(Photo by Scott Welton, Staff)
SIKESTON -- City officials are seeking input from residents on their plan to increase building permit and inspection fees.
During the Oct. 6 City Council meeting, Linda Lowes, director of governmental services, advised the costs of conducting building inspections and issuing permits -- a total of $95,810 -- exceed the revenues generated from these activities by $53,621.
While these figures are taken from the city's most recent audit, the decision to consider adjusting the fee schedule is a result of "an internal examination of our operations," Lowes said.
She explained staff members do formal comparisons of revenues generated by operations in city departments and the actual costs of operations every three or four years to spot trends and make necessary adjustments.
The total cost of $95,810 for inspections and building permits, Lowes said, reflects only the expenses of those specific activities by code enforcement officers.
"Code enforcement officers perform many functions," she noted.
City staff determined code enforcement officers spend 40 percent of their time conducting building inspections and issuing permits and have used this figure to determine the cost of conducting inspection and permitting duties, according to Lowes.
The last increase raising the value of new construction for determining building fees from $18 per square foot to $50 per square foot went into effect in 2006 with 2007 being the first full year at the increased rate.
Costs for performing building inspections and issuing permits has increased $28,715 since fiscal year 2005, Lowes said.
"A greater proportion of our time is now spent on inspections than in FY-05 when we did the initial study," she explained.
City staff determined inspections and permitting only took up 30 percent of code enforcement officers' time in FY '05, according to Lowes.
The reason more time is dedicated to inspections and issuing permits is there is significantly more construction, she said.
Code enforcement officers had to inspect and permit $14 million worth of new construction in FY '05. In fiscal year 2007, the value of construction was $21 million.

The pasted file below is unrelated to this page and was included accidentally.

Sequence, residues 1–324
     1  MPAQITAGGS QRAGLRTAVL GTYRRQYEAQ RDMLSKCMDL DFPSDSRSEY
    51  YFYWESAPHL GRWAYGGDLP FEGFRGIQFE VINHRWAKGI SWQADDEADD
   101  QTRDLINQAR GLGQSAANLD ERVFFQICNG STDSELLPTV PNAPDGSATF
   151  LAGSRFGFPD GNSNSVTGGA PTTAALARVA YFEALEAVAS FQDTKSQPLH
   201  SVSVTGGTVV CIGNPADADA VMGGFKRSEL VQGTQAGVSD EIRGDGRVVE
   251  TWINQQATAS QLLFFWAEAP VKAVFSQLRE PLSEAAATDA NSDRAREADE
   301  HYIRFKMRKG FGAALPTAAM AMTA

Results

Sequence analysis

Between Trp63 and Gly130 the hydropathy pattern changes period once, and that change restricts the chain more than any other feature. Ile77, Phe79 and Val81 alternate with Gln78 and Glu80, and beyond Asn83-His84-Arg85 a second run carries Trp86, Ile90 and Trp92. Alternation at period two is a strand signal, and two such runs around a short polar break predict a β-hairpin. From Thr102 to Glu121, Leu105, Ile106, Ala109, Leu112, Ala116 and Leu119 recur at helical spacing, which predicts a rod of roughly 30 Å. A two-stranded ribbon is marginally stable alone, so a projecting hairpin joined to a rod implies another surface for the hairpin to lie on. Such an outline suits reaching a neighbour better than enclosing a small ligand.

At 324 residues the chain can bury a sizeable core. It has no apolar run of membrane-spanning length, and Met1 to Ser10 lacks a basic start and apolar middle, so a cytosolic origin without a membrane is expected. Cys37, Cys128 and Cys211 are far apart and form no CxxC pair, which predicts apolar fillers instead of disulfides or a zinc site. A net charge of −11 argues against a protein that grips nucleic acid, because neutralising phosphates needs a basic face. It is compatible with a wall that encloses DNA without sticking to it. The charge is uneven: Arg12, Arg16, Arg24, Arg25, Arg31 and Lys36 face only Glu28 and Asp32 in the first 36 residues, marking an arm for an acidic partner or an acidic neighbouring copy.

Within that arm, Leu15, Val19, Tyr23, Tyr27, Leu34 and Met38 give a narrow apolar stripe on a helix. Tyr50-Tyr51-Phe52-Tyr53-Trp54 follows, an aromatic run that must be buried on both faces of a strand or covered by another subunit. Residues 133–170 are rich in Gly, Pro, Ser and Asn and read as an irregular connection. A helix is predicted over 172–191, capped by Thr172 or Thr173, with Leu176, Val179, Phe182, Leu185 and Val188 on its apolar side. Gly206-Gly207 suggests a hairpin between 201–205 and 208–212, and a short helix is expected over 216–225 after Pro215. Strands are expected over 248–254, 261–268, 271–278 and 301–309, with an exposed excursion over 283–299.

Collin Cecil, city code enforcement officer, said keeping up with the Orgill's construction alone has required a lot of the department's time this year.
"I'm generally out here twice a day," Cecil said while conducting an inspection at the Orgill site Monday. "A lot of times I'll come here first thing in the morning and will be here for two or three hours. Then I'll come out here again at about 2 p.m. for another couple of hours."
"He is out there even on Saturdays and Sundays," said Trey Hardy, community redevelopment coordinator.
At the $70-per-square-foot rate proposed by city staff, "we would be still substantially lower than both Poplar Bluff and Cape Girardeau," Lowes said. "Sikeston is not coming anywhere near the actual cost of new construction by using $70 per square foot."
Lowes said city staff expect contractors to remain happy with Sikeston's rate even if raised to the amount they are recommending. "If you are going to spend $2 million on new construction, an additional $500 is not going to make a difference," she said.
City officials are concerned about inspection and permit costs for residents making renovations to their homes, however.
"That's where our main concern is. The Council is very sensitive to the fact some people in this area may be experiencing economic hardship," Lowes said. "They do not want to do anything to inhibit construction or growth in the community, which is why they are asking for public comment on the proposed rate increase."
Lowes said they are interested in knowing if $70 per square foot would be seen as a substantial increase and if it would be a factor in their decision to proceed with renovations or not.
As of Monday, the city had not received any feedback from residents about the proposed fee increase.